Kinsella v. Baker Hughes Oilfield Operations, LLC, No. 22-2007 (7th Cir. 2023)Annotate this Case
In 2013, Kinsella, working for Baker, suffered work-related knee injuries that left him unable to work for three years. He received disability benefits. In 2016, his physician deemed him fit to work in sedentary jobs. Martinez, in human resources, helped him look for appropriate jobs at the company. Kinsella submitted an ADA Reassignment Request. Martinez indicated that Baker had 30 days to look for jobs and that failure to timely find alternative work would result in termination. After that period expired, Martinez suggested Kinsella apply for a dispatcher job. Kinsella failed to apply on time, despite an extension. He applied the next day but did not follow up. A non-disabled employee was hired.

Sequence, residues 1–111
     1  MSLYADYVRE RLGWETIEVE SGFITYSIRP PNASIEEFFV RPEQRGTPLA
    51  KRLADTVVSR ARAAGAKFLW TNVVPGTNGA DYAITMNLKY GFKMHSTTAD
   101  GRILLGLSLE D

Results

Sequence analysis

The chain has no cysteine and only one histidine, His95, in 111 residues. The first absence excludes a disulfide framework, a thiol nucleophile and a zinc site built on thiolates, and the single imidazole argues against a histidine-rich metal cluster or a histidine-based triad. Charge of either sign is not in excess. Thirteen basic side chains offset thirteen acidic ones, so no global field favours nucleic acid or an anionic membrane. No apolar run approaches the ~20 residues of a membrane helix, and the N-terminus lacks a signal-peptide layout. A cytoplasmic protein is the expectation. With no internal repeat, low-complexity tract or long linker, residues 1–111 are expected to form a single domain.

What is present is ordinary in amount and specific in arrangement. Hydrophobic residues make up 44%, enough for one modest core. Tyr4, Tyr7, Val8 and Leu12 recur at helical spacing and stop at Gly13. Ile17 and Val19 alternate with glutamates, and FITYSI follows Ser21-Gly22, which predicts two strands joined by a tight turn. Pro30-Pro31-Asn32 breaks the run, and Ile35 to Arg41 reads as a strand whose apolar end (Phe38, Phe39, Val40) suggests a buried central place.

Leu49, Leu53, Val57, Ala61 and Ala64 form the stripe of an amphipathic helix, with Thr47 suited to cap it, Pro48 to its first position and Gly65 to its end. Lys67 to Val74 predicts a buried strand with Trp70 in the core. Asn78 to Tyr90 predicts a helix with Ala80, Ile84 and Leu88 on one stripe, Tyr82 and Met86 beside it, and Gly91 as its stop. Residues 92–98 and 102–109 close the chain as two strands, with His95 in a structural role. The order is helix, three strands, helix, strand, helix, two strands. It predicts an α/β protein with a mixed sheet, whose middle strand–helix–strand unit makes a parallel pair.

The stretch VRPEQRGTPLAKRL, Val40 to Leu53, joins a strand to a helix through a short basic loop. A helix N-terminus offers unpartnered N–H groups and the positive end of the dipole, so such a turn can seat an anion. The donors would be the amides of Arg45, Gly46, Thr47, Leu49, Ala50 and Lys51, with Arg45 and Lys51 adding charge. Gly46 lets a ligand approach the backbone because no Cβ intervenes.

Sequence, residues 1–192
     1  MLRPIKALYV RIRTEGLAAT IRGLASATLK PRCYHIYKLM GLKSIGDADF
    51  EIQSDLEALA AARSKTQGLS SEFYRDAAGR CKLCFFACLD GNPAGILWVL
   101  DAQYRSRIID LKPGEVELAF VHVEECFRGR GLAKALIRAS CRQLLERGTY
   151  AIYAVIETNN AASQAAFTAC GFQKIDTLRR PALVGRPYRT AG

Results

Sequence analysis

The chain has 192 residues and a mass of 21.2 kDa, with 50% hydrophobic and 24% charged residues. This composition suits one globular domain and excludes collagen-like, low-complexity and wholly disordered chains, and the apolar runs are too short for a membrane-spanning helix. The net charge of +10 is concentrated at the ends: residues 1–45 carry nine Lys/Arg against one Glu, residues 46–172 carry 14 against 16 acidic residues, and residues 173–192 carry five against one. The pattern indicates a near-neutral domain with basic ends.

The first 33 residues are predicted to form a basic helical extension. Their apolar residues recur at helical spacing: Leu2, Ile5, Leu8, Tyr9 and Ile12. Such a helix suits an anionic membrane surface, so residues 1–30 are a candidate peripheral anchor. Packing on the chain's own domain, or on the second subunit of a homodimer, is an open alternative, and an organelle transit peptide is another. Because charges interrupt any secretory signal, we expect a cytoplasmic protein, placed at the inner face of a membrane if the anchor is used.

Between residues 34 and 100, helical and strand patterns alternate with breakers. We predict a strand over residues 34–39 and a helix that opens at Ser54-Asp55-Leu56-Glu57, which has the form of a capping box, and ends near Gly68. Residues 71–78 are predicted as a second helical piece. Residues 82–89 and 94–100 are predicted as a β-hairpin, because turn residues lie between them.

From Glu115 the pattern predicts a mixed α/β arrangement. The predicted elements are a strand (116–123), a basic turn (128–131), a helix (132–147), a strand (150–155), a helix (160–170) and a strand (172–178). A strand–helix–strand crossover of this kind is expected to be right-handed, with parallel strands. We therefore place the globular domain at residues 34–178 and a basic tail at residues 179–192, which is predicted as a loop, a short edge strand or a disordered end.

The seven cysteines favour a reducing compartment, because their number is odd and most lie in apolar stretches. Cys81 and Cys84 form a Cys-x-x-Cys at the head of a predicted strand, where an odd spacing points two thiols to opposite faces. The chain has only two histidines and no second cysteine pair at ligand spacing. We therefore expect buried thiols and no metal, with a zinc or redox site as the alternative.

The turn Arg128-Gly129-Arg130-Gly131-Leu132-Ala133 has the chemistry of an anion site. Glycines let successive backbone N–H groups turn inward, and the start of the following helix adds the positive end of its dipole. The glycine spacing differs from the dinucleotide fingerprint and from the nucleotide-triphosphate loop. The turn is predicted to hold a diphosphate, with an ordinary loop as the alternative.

Kinsella received a termination letter, citing failure to apply for a position. Kinsella responded, attaching a receipt confirming his application. After investigation, Baker began the process of reinstating Kinsella'a status. Eventually, negotiations broke down.
In 2018, Kinsella filed a claim that the EEOC dismissed as untimely. Kinsella sued, alleging failure-to-accommodate, discriminatory discharge, and retaliation under the Americans with Disabilities Act, 42 U.S.C. 12101. An arbitrator granted Baker summary judgment. Kinsella asked the district court to vacate the award, arguing that the arbitrator exceeded his powers by requiring illegitimate elements of proof. The court reinstated and dismissed the case. The Seventh Circuit affirmed. Kinsella misconstrues the arbitrator’s statements concerning a lack of evidence showing discriminatory intent. They were part of attributing fault on both sides for a breakdown in the interactive process to find a reasonable accommodation.